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Employee Claiming Disability Discrimination Must Provide Evidence That He Could Perform Job With An Accomodation

In the case Musil v. Gerken Materials, Inc., 2020-Ohio-3548, 2020 Ohio App. LEXIS 2497, 2020 WL 3529662, an Ohio appellate court found that an employee failed to satisfy the third element of his prima facie claim for disability discrimination, and thus the trial court did not err in awarding summary judgment on this claim to the employer, because the employee provided no evidence that he could safely and substantially perform the essential functions of the job in question. Because employee failed to satisfy the first element of his retaliation claim under R.C. 4112.02(I), summary judgment to the employer was appropriate where the employee’s request for an accommodation was not participation in an investigation, proceeding, or hearing. Likewise, appellant’s request for an accommodation was not opposition to an unlawful discriminatory practice.

In this case, an employee was injured by a co-workers and was unable to return to work. The employee filed a disability discrimination action against employer, but the employee provided no evidence that he could safely and substantially perform the essential functions of his job with an accommodation. And, if an extension of medical leave was the accommodation, employee provided no evidence that he would be able to perform job after the leave period, R.C. 4112.02.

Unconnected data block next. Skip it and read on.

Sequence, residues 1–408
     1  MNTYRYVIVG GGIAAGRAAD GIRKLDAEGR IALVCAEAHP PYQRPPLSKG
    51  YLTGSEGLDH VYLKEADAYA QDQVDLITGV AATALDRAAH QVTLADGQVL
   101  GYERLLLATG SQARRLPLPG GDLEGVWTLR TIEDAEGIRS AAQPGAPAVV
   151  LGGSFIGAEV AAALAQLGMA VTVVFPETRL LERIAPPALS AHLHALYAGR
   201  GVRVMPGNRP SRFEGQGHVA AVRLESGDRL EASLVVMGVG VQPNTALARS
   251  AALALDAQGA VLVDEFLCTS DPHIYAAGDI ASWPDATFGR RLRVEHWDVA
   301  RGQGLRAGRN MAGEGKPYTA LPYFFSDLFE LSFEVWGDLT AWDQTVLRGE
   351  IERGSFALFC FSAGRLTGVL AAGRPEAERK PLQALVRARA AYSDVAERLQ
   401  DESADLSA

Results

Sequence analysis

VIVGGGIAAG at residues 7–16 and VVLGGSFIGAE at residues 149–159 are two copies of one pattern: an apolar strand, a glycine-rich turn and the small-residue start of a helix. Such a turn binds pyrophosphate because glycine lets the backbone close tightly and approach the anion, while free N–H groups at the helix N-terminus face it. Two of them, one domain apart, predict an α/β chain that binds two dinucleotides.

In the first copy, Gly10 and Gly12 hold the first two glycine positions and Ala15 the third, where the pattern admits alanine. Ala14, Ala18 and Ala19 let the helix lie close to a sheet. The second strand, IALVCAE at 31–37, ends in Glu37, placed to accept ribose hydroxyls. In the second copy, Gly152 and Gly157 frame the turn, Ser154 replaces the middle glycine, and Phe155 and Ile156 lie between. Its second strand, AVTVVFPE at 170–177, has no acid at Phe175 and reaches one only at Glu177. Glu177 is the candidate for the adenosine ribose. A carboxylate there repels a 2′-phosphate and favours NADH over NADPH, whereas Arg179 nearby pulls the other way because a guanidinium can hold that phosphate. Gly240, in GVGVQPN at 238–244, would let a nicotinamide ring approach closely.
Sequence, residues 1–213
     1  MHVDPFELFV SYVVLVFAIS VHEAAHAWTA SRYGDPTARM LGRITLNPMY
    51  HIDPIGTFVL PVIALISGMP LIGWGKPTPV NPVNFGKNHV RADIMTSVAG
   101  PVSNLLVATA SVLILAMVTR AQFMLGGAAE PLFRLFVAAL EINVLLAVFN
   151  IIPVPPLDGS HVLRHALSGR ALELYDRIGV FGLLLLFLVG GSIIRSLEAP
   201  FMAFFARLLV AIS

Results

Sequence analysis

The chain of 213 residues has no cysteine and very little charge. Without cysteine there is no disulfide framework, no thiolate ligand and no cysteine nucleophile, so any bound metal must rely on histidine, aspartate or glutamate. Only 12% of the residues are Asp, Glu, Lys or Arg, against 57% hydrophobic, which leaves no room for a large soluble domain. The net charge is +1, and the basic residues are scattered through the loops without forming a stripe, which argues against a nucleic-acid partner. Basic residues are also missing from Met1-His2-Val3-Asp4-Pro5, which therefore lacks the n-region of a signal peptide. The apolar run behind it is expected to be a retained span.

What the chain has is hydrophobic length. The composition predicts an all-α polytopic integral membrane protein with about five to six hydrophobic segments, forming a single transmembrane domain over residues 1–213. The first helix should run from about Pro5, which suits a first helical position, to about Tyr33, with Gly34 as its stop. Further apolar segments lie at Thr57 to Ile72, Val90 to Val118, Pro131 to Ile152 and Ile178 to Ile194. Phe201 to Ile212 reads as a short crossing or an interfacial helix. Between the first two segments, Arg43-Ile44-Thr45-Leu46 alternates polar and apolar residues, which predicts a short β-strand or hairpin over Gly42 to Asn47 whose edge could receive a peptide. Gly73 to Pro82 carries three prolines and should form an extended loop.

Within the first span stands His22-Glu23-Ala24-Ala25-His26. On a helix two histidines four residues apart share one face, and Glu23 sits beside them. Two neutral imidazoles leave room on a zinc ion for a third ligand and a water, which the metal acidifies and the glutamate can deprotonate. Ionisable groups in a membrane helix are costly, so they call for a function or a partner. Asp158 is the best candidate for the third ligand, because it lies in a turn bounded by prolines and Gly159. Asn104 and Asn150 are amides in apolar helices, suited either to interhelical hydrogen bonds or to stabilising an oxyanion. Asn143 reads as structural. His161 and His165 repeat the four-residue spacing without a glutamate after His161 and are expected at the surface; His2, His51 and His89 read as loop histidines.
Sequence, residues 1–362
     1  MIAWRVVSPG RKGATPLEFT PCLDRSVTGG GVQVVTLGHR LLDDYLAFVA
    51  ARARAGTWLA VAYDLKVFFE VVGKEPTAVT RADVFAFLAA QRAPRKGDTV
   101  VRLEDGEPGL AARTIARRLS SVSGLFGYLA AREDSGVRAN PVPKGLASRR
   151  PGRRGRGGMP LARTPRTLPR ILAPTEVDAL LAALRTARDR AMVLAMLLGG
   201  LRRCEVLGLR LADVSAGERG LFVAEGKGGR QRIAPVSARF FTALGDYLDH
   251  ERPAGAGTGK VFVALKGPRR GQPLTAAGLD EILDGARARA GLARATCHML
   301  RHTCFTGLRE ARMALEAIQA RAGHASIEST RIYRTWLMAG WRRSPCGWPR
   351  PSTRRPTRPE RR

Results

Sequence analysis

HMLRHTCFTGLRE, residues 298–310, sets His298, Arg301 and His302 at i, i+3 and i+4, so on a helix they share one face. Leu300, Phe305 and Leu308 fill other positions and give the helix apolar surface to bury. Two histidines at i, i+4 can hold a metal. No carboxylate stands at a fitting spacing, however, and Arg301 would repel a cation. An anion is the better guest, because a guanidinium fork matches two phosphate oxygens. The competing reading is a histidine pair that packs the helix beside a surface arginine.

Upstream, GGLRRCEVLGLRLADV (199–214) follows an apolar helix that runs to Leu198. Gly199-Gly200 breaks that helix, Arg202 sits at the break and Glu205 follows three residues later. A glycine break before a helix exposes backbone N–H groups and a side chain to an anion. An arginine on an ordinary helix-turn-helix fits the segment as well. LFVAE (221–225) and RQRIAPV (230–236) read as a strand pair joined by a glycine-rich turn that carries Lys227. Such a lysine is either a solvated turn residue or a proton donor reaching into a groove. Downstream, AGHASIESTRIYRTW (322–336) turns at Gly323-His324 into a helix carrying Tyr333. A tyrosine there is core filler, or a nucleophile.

To read this case, click here.

Authors: Matthew John Markling and the McGown & Markling Team.

Note: This blog entry does not constitute – nor does it contain – legal advice. Legal jurisprudence is like the always changing Midwestern weather. As a result, this single blog entry cannot substitute for consultation with a McGown & Markling attorney. If legal advice is needed with respect to a specific factual situation, please feel free to contact a McGown & Markling attorney.

 

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